This much is clear: the real crux of the US-led objectors was not the substance of the ITRs. There are a few strident, increasingly strained attempts to find demons in the ITR language, and to come up with ever more outlandish scenarios regarding the potential for trouble in the future. But these scenarios, as we shall see, lack plausibility. In reality, rejectionism was fueled by the debate over Resolution #3 and the decision by the ITU to rely on voting rather than consensus.
Neither the content of this conference, nor its conduct during this critical final period, have met community expectations or satisfied public assurances given prior to the event.
Internet stakeholders around the world watched the WCIT preparations closely, and were hopeful, throughout those processes, of two things: that WCIT would have no bearing on the Internet, its governance or its content; and that the event would allow all voices to be heard. The ITU Secretary General himself made these assurances on multiple occasions, and reiterated them in his opening remarks to the conference.
Regrettably, expected WCIT discussions on traditional telecommunication issues were eclipsed by debates about Internet-related issues.
The US based its arguments and opposition to the final treaty on five key issues, namely: (i) a perceived risk of applying the treaty to Internet Service Providers, governments or private network operators, (ii) spam, (iii) network security, (iv) Internet governance, and (v) the extension of the scope of the ITRs to include the Internet. Although the US arguments are fervent and sound coherent, many of them on closer examination are found to have more holes than Swiss cheese. Indeed, much of the sanctimonious noise from the US is mainly about protecting its national interest, and not genuine multi-stakeholderism.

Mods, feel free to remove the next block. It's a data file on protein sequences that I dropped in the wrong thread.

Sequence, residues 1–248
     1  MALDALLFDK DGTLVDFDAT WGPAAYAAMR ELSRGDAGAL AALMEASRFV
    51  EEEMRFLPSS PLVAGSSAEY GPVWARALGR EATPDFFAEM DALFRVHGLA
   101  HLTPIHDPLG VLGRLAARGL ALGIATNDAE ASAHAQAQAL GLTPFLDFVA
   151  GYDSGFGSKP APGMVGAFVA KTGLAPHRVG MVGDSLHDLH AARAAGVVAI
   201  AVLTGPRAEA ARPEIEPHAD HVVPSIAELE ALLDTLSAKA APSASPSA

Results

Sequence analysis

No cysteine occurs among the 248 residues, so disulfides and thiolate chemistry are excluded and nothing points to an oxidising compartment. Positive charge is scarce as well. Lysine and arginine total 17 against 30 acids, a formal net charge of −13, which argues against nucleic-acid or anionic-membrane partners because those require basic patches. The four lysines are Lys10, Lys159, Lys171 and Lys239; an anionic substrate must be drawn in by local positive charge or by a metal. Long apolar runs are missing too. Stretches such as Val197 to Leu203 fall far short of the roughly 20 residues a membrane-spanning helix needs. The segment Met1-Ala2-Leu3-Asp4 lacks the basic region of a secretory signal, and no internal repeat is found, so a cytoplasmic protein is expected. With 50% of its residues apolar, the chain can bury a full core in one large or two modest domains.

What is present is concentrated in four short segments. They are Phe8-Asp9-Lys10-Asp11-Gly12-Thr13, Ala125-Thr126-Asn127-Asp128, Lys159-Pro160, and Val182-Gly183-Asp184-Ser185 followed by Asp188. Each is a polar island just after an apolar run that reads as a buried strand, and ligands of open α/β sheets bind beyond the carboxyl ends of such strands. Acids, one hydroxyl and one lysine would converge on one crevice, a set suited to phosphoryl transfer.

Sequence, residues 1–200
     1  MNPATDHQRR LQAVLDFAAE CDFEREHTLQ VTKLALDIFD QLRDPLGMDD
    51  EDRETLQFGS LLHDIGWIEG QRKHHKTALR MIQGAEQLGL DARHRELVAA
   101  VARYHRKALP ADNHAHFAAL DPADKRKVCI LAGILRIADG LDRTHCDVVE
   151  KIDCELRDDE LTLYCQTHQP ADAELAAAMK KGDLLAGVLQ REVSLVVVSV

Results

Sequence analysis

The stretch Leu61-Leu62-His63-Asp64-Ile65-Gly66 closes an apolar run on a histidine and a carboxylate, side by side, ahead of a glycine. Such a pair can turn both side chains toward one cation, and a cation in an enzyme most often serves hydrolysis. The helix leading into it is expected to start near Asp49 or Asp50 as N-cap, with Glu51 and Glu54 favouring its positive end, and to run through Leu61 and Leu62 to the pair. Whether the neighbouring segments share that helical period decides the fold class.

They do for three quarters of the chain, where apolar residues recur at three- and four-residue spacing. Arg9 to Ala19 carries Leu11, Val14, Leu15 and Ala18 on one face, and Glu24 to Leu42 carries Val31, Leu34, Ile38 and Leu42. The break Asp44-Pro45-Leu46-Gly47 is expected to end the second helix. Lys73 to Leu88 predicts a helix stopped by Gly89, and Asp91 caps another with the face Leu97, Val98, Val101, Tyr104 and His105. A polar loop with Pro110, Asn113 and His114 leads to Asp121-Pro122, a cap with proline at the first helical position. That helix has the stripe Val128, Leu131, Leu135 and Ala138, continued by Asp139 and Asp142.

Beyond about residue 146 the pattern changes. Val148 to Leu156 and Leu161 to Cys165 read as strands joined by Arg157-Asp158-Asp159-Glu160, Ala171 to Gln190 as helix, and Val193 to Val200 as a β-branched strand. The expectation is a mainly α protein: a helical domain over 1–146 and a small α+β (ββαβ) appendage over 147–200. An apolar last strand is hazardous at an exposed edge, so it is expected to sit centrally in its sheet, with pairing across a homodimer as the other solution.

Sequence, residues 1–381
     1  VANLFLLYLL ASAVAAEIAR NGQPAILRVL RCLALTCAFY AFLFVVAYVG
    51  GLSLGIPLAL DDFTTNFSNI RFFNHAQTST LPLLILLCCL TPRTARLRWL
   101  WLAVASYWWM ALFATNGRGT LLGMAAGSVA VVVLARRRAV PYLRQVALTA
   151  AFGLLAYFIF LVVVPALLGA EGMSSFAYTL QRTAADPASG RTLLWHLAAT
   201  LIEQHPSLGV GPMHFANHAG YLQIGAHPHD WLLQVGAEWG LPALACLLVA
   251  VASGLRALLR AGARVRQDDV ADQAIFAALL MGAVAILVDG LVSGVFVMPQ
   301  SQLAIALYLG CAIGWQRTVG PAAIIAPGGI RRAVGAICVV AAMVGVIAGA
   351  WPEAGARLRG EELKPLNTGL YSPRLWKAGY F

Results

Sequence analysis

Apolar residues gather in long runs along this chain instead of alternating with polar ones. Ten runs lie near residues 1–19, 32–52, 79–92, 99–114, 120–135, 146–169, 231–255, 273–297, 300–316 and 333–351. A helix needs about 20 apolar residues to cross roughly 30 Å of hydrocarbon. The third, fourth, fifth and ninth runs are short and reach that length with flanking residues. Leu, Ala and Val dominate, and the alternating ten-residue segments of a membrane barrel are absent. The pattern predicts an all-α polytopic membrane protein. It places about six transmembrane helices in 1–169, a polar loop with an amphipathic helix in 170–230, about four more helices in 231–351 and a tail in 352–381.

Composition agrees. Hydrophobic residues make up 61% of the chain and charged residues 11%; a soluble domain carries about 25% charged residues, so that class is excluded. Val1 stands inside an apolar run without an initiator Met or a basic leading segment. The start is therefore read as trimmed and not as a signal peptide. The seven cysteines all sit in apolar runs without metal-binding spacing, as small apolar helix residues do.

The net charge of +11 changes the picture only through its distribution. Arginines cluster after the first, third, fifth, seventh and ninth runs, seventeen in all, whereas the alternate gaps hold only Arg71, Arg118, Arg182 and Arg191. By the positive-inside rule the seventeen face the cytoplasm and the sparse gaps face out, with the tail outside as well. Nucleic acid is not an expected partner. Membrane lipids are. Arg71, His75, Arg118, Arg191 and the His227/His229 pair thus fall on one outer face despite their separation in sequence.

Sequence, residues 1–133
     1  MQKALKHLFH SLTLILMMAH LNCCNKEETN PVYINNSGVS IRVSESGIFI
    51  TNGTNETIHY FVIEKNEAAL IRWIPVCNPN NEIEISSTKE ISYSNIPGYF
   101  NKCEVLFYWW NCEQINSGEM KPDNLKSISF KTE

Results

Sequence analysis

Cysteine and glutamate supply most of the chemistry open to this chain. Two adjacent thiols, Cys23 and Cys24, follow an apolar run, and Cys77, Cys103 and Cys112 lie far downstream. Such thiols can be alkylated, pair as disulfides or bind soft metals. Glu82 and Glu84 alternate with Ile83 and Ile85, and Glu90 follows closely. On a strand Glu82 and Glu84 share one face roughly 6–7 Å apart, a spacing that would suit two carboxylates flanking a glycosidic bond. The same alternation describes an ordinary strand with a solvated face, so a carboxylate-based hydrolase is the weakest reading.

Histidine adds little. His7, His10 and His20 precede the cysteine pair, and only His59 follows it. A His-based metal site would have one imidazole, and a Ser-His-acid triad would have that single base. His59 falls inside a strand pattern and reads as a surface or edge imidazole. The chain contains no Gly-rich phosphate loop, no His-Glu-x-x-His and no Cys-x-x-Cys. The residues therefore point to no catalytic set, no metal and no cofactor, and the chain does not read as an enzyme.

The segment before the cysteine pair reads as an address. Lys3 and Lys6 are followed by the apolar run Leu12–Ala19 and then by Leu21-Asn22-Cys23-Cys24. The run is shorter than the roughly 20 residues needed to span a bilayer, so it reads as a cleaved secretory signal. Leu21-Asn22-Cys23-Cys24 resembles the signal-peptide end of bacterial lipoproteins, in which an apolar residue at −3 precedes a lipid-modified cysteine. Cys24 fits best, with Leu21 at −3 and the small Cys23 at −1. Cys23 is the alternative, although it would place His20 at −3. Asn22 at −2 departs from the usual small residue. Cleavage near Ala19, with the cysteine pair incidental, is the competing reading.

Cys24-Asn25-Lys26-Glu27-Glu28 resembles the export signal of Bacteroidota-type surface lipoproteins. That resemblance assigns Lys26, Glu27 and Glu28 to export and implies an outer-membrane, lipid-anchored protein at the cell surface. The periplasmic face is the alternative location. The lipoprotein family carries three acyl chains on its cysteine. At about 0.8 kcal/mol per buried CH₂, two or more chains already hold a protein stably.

A lot of people invested tons of money and effort to characterize the ITU’s WCIT, which was organized to revise the 1988 International Telecommunication Regulations, as an attempt to regulate or “take over” the Internet. That Godzilla-sized threat quickly shriveled to the size of a small, squashable bug in December, as the US and its supporters got the ITU to accept almost every U.S. demand to keep the telecom regulations away from the Internet. As noted in a earlier blog post here, the revised ITRs not only do not “take over” the Internet, they say nothing about the Internet at all. And still, the US and 54 allies refused to sign it, because they objected to a nonbinding resolution which allowed the ITU to keep discussing Internet governance.
Recent ITU-sponsored processes, such as the revision of the International Telecommunications Regulations (ITRs) at the 2012 World Conference on International Telecommunications (WCIT-12), have stimulated much debate about the manner in which telecommunications policies, particularly international frameworks for telecommunications policies, are formulated. One view is to use our existing institutions and forums to consider such matters, and use traditional representation-based mechanisms to bring various national perspectives into an international context of policy formulation. Another perspective that has come to prominence in recent years is to use a framework of direct participation in policy formulation, and directly involve the various stakeholders in the process of formulating common policies.